“[O]ne man’s vulgarity is another’s lyric” . . . *

h1 September 27th, 2006 by jules

2006 BBW; Read Banned Books: They're Your Ticket to Freedomstupids.gifYay rah for intellectual freedom! We are smack dab (to be precise) in the middle of the 25th anniversary of Banned Books Week. What has been the most challenged book of the 21st century thus far? What was the most frequently challenged book from last year? The answers can be found at ALA’s site if you click on the Banned Books image on the left. And celebrate your freedom to choose what you read and what you think by reading a banned book this week. Some are pictured below, or click here. I, personally, suggest The Stupids Die (1981) by Harry Allard and James Marshall — if not as your banned book choice of the week, then for the mirthful moment in which Grandfather Stupid crashes through the living room wall on his motorcycle and informs the family that they’re in Cleveland, not heaven.

(We could also start a trend and wear these. Thanks to Fuse #8 for the link).

“Did you ever hear anyone say ‘That work had better be banned because I might read it and it might be very damaging to me’?”
— Joseph Henry Jackson

*(John Marshall Harlan, Supreme Court justice, 1971)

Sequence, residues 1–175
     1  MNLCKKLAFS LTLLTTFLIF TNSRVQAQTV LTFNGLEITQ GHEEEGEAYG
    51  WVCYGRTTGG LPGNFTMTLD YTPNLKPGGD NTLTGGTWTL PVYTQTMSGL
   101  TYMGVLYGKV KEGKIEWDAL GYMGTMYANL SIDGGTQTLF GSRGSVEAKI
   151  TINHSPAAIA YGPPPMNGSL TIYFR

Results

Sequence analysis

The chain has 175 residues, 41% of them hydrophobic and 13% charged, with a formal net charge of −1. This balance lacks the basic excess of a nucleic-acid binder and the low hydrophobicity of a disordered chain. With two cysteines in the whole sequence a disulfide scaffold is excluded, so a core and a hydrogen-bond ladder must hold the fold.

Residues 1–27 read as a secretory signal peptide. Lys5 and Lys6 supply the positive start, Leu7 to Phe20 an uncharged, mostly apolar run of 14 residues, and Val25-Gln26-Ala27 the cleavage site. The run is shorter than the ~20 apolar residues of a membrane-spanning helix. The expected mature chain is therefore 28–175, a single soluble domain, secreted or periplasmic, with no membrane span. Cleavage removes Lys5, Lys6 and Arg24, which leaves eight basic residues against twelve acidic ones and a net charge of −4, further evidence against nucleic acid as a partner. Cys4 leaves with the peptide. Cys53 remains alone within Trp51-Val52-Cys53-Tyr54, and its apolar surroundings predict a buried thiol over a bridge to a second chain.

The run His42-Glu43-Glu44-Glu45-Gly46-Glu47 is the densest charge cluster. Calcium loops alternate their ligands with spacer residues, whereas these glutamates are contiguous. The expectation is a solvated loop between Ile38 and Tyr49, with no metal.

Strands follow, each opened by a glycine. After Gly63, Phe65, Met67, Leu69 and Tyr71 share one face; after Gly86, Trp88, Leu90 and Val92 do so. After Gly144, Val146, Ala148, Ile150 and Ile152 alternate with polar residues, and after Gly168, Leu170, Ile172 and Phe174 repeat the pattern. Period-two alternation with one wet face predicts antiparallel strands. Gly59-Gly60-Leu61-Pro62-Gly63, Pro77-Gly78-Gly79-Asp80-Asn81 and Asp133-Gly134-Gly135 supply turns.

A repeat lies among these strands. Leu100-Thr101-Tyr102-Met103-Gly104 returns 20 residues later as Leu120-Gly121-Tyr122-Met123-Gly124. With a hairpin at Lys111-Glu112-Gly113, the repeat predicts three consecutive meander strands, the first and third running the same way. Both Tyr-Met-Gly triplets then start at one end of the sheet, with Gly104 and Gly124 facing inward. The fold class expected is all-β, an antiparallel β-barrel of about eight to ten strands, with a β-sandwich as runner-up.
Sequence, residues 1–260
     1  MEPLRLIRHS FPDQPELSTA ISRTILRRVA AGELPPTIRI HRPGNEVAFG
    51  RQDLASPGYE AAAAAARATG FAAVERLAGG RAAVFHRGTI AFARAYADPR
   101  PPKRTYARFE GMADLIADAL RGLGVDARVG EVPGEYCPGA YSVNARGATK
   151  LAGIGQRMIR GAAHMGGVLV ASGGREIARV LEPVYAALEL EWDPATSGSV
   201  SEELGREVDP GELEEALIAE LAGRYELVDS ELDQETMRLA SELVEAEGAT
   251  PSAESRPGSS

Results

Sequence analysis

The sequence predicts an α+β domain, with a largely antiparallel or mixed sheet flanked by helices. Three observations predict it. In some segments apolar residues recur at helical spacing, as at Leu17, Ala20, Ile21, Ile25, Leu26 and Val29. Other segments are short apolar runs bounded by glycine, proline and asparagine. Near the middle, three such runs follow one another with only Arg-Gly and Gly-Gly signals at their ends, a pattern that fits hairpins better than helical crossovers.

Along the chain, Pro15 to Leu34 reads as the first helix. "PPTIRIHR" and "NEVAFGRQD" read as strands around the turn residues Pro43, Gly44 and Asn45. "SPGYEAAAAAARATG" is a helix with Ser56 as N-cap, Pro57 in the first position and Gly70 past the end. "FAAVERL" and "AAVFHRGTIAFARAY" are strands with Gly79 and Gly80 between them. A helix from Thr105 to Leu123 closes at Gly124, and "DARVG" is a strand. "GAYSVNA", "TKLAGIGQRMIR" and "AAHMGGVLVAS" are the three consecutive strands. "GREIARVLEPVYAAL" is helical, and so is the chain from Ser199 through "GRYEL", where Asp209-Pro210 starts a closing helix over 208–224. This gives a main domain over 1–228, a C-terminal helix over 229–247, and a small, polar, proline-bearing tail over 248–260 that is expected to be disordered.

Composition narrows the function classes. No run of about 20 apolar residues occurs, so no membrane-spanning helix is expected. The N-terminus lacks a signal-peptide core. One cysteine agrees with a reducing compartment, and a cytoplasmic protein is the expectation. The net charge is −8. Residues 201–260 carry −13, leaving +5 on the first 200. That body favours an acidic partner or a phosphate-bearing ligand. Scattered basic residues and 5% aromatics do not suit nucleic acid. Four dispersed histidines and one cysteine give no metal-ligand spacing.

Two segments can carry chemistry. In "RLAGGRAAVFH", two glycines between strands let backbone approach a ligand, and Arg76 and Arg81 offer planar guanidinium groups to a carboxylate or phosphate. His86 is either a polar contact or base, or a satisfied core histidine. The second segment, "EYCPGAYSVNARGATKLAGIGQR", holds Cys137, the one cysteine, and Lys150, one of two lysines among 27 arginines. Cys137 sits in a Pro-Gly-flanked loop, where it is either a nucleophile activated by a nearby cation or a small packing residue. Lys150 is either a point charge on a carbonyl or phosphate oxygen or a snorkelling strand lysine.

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Afternoon addendum: Visit Finding Wonderland, a great blog for fans and writers of YA lit, and read yesterday’s post that seamlessly ties in Banned Books Week with Sendak’s new title, Mommy? . . . I am still waiting with bated breath for my pre-ordered copy to arrive on my doorstep in my humble little home in the middle of Tennessee. Sigh. Do yourself a favor and listen to NPR’s interview with Sendak from yesterday morning. The. man. is. brilliant.

Here’s to reading freely, and Happy Banned Books Week . . .

4 comments to ““[O]ne man’s vulgarity is another’s lyric” . . . *”

  1. YAY! Thanks for visiting us, and what a cool site you have! I, too, am DYING to get my copy of “Mommy?”

    Did you finish Nick & Nora? I … wow. I’d have to say: finish it. I hated, hated, HATED the Maryrose Wood “Horn Dawgs & Sex Kittens” novel for the first several pages. The voice was grating, to me. The girl was just too… too… TOO something. But then, I adored and loved it. It was ALMOST too cutesy, but sucked it up at just the right time. I’ve heard the good, the bad and the ugly on Nora & Co., so I’m withholding judgment, having not read it myself.

    Anyway! Nice meeting you!

  2. thanks for visiting us! as for ‘nick & nora,’ that would be my blog-partner-in-crime, eisha. she can let you know if she finished it or not. i’m not sure.

    i enjoy your musings over at your great blog. thanks! — jules

  3. hey, tadmack. i did decide to give it another shot, at least to the 100-page mark, but… i’m reading Peter and the Shadow Thieves by Dave Barry & Ridley Pearson, Only Revolutions by Mark Z. Danielewski, Yellow Star by Jennifer Roy, and Brighton Rock by Graham Greene, all concurrently. and i have a paper due saturday. it may be a while before i pick it up again.

  4. did that sound show-offy? i didn’t mean for it to – i’m just horribly disorganized and keep leaving books at home when i want them at work and vice versa, so i keep picking up new ones.

    i like your blog, too, btw.

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